On Friday on my way home from work, I was thinking about the removal of toxic people from my life. I know some people don’t like describing other people as toxic. In this case, I don’t mean that the people themselves are toxic, but that they’re toxic to me, or we’re toxic to each other. (But should anyone think that a person can’t possibly be toxic, just look at the U.S. government.)
The one lesson I’ve learned over the years is that you can’t completely rid yourself of anyone who has been impactful in your life in any way. Sometimes this is a wonderful thought, because all those people who influenced you for the better are, in some ways, still with you. But sometimes this is a rather distressing thought, because you realize that the bad shit has influenced you, too, and you can’t fully rid yourself of those influences. Our experiences and our brain wiring make us who we are, and we can’t control or undo either.
What jogged this train of thought wasn’t me dwelling on my own former toxins, but a song. Not a particularly great song, so I won’t name it, because I don’t want to slam the artist. It’s a pretty but sort of generic “bad shit happened and I’m having a hard time getting over it” piano-driven ballad, that had one really interesting line in the middle of it that caught my attention. Because I’m a sucker for small fragments of brilliance, I popped it onto one of my playlists. And because I tend to listen to playlists over and over while working, it seeped into my brain.
So on the way home Friday, I was musing about how hard that was, earlier in my adult life when I figured out that “getting over” something doesn’t mean you remove all traces of it from your life and go back to the way things were. There’s no reset button. What you’re really doing is damage control – and that’s good. It’s necessary. It’s a survival skill. And sometimes, good things can come out of it as well – even if the only good thing you can say is “I survived this,” that’s still something. (Or so says the brain of someone who, despite bad shit in her life, still has privilege that others lack.)
Then I got home, and…an envelope had arrived in my mail from my parents. I cut them off for the final time in mid-2016; they’d played nice for a while, and we kept up a cordial but distant relationship. Going into 2016, I was getting sick of my mother’s constant and very repetitive complaining, and just her overwhelming negativity. I think she was getting tired of not being able to trigger me the way she used to, or being shut down when she said things that were sexist or racist or just plain untrue. She escalated a situation unnecessarily – there was nothing wrong, she just wanted to pick a fight – and I was just done with her. What she didn’t realize was that that was her final chance, that I was using all the tools I knew how to use as a more centered, more experienced adult to set firm boundaries, and ultimately it didn’t work out because she couldn’t stop stomping those boundaries or being disrespectful.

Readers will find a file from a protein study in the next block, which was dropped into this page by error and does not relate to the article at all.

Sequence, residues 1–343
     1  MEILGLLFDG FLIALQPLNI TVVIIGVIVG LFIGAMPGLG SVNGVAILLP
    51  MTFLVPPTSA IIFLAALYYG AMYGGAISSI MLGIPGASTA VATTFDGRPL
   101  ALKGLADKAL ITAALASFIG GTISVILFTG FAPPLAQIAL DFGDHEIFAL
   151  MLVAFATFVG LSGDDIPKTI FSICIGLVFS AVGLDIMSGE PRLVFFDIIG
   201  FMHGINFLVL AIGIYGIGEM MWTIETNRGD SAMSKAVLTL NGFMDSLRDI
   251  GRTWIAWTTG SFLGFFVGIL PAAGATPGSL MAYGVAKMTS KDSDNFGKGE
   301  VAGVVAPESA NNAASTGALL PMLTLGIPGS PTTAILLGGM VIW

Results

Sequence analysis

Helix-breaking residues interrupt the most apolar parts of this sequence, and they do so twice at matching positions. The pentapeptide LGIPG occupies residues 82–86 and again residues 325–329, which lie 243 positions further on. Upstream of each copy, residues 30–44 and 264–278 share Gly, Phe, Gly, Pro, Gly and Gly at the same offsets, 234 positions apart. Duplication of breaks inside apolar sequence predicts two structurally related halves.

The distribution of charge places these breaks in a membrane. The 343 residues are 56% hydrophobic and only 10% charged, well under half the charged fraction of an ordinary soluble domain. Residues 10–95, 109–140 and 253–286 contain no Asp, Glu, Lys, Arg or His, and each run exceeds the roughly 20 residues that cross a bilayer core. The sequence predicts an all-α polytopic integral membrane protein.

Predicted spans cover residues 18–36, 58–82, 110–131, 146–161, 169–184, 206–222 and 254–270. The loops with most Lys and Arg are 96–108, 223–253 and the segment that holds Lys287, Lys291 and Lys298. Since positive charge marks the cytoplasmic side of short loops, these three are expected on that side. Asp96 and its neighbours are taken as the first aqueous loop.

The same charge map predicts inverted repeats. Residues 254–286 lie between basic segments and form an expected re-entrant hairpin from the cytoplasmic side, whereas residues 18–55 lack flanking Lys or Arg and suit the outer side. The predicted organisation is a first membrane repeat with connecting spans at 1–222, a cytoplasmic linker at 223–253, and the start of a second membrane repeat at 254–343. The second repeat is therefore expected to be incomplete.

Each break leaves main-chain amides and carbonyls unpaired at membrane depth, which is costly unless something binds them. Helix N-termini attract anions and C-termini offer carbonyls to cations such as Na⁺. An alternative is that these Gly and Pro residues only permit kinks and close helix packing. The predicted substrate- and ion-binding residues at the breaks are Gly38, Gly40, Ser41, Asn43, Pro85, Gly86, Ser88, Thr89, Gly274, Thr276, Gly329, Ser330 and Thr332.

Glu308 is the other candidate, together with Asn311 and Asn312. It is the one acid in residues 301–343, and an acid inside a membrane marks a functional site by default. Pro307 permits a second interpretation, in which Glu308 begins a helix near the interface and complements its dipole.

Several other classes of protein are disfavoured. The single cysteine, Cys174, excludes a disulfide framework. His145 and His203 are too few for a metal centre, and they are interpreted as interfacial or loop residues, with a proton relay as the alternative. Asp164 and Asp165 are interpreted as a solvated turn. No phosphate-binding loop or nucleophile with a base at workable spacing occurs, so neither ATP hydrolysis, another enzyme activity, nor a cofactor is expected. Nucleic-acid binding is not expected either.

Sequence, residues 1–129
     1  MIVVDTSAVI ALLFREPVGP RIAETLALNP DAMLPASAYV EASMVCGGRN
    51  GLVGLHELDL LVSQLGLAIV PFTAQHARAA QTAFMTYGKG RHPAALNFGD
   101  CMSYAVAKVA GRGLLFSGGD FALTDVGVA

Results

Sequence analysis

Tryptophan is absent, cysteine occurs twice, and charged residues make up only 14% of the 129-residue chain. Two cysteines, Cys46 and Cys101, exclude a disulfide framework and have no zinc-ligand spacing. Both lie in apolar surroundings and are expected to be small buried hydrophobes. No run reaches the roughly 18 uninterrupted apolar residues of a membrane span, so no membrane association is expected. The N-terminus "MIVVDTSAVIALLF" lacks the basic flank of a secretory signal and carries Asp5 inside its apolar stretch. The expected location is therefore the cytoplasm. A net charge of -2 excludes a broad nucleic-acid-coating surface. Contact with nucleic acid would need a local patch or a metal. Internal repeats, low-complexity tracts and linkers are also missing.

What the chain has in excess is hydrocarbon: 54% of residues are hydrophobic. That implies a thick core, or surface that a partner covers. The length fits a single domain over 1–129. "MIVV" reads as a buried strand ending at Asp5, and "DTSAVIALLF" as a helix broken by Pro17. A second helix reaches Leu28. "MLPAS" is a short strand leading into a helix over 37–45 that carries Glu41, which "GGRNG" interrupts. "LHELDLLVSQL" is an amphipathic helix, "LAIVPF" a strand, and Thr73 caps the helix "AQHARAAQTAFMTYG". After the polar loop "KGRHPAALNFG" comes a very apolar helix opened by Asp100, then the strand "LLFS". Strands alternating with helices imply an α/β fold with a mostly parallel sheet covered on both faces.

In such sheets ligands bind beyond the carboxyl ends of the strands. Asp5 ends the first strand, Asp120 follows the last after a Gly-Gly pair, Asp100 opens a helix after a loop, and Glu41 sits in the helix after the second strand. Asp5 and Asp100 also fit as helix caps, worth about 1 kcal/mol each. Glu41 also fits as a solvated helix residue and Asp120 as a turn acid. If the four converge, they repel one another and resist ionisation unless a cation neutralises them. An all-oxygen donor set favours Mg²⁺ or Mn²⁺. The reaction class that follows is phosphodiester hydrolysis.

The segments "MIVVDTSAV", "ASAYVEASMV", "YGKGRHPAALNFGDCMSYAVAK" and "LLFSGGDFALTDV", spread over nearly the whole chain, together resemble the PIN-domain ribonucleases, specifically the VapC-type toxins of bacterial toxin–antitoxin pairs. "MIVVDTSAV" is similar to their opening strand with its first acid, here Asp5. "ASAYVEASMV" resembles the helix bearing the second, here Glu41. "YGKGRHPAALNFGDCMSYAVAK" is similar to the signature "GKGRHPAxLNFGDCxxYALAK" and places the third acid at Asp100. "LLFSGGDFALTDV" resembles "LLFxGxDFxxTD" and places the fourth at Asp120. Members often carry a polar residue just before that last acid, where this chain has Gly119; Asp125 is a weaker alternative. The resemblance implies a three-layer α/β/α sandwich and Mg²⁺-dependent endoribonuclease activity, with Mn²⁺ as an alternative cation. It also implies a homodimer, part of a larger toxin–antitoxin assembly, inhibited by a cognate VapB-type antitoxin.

I go through many days with no thoughts whatsoever wasted on my parents. They’re honestly not worth dwelling on; I’m in a good place in my life right now, and them being removed from my life is one of the reasons why. Which is to say, my childhood and the people responsible for it are not a subject I tend to dwell on these days.
So did the universe conspire to have that generic but slightly interesting song pull onto a public playlist to catch my attention so that I’d pull it onto the personal playlist that I listened to repeatedly Thursday and Friday which would trigger my thoughts on the way home on Friday? It’s a tiny mindfuck, even for the staunchest believe in “everything is a coincidence.” Because, much like tv shows from the 90s, I Want To Believe.
Well. Being in a better place, and not being tempted by whatever they’re holding out, and being able to enforce boundaries like a fucking boss, I wrote RETURN TO SENDER and dropped that bitch right back in the mailbox on Saturday morning.
It’s always tempting to jump into the unknown. My first and strongest instinct was to boundary enforce by returning whatever it is, but there’s always that morbid curiosity which makes us so profoundly human. Am I curious? Yes and no. I could tell it contained paper, and by the thickness, I’d guess at least 3 or 4 pages folded up. I ran through every possibility in my mind of what it could be other than a letter, but given that I have in my possession all the important personal documents I’d ever need, a letter was the most likely possibility.
I’ve received The Letter from my mother countless times throughout my adult life, because her methodology never evolves. The Letter is nothing but a long justification of all the nasty shit she ever did to me, a bunch of non-apologies (i.e., “I never said I was perfect”). Then it goes on to list all the ways in which I’m a no good, terrible, horrible, very bad person. I’m not interested in reading The Letter again. It’s meant to trigger a reaction – narcissists thrive on negativity and drama, and that’s what my mother is attempting to draw me into. They count on their victims to JADE in response to their narcissistic word stews – that stands for Justify, Argue, Defend, Explain.
I’m not willing to JADE, or be fuel to feed someone else’s ego, or indulge toxic brain misfirings. And so The Letter was returned unopened, and any cursory sense of curiosity I felt on Friday is, today, completely gone. There’s no regret and no remorse. I don’t want whatever she’s selling.
The point I’m making here is simply this: Not everything that’s written needs to be read. I don’t owe anyone second chances, or access to me, or my time. It is possible to overcome even the morbidest of morbid curiosity. DNA does not a family make, and just because someone is your mother doesn’t mean they love you. And, most importantly, it’s possible that Spotify has developed an algorithm that can predict the future.